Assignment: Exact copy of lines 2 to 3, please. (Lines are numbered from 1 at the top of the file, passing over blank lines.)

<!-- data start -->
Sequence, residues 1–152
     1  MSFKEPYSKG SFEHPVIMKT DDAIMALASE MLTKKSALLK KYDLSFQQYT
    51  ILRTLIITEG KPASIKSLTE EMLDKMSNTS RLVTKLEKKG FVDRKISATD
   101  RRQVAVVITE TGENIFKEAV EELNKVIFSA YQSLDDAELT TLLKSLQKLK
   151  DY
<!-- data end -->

     1  MSFKEPYSKG SFEHPVIMKT DDAIMALASE MLTKKSALLK KYDLSFQQYT
    51  ILRTLIITEG KPASIKSLTE EMLDKMSNTS RLVTKLEKKG FVDRKISATD